9:33: Nothing but buyers of Novell. I think it is a winner. Dell is a loser. Down a quarter on my Mr. Softy (Microsoft) already.
       9:34: Drillers are weak. Brokers really weak. Buying some Travelers. Can't get them open. Too many sellers.
       9:35: Buyers taking the savings and loans despite the weak bond market as speculation heats up of more takeovers. PG (Proctor & Gamble) down big. Merrill making cautionary comments. I am taking 10,000 PG because mutual funds love it and it shouldn't be down the two bucks that it will shortly be down.
       9:36: Buying some of the oil drillers. They've been weak because it is so warm, but I like the group down here. They are "oversold."
       Intel can't stabilize. It is off another half. MSFT is firming. "Sell 10 CISCO." Damn. MSFT isn't working. It's big for sale at Alex. "Maybe it isn't going to work for a trade," I think. I urge my trader to go into Alex Brown and see how much Microsoft he has to go. Alex assures my trader not to worry. Seller is not big. I think he's wrong.
       The Dow Jones average is now open and it's down 26 points. Bummer. But there are buyers of over-the-counter stocks coming in. Except Intel. Nothing to do for about 20 seconds.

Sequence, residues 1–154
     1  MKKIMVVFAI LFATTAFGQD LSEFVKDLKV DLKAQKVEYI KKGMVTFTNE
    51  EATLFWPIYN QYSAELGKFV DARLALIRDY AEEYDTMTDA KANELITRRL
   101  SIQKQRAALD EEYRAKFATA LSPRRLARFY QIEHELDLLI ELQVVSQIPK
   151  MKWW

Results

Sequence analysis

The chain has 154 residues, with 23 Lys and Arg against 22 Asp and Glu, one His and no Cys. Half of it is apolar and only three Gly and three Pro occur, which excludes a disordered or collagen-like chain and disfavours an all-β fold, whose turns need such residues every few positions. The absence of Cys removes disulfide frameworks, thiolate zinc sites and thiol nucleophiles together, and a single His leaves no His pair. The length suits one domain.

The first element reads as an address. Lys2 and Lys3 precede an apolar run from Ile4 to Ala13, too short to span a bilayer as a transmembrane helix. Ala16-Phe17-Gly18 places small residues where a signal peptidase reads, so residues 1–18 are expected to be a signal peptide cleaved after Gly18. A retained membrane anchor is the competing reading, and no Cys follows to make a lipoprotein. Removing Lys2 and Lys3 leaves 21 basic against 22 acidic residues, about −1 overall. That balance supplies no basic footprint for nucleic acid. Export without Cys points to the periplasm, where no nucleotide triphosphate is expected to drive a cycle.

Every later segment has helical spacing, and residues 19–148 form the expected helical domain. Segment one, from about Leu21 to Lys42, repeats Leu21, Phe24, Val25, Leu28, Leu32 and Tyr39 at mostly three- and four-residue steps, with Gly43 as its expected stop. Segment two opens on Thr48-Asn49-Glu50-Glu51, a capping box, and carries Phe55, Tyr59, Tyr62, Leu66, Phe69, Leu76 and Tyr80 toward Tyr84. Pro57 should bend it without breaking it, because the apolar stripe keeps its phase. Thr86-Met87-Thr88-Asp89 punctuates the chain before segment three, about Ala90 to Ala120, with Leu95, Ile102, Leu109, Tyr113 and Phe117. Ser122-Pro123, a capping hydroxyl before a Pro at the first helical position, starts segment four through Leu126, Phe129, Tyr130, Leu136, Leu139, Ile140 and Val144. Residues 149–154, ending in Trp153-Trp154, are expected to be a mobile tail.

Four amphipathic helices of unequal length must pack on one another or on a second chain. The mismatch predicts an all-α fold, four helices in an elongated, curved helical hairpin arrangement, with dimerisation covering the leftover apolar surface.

9:37: We are okay. Market is stabilizing. Buyer of Amgen, large, my trader screams. Buyer of Merck. "Buy 10 Dell," I tell my trader. "Time to buy Intel. It is down two. Buy five Intel." Given that I love Intel it's a totally tentative trade. Just 5,000. But I get scared, too. I am also buying 10 Ascend.
       9:38: Some clown on television says MSFT is really expensive. I throw a squeeze ball at the set. Need that guy like a hole in the head. Buying 5,000 more MSFT just in case sellers come in off this bozo's comments.
       Intel is firming; buying another 5,000.
       9:39: We are out of the woods. Market stabilizing down 40 points. Drugs and banks slightly lower. Lots of GM for sale. But nobody is panicking out of stuff. And Novell, one of my biggest bets, is roaring. Time to bring in all my shorts, including Analog Devices and McBurgers. Buying more Travelers.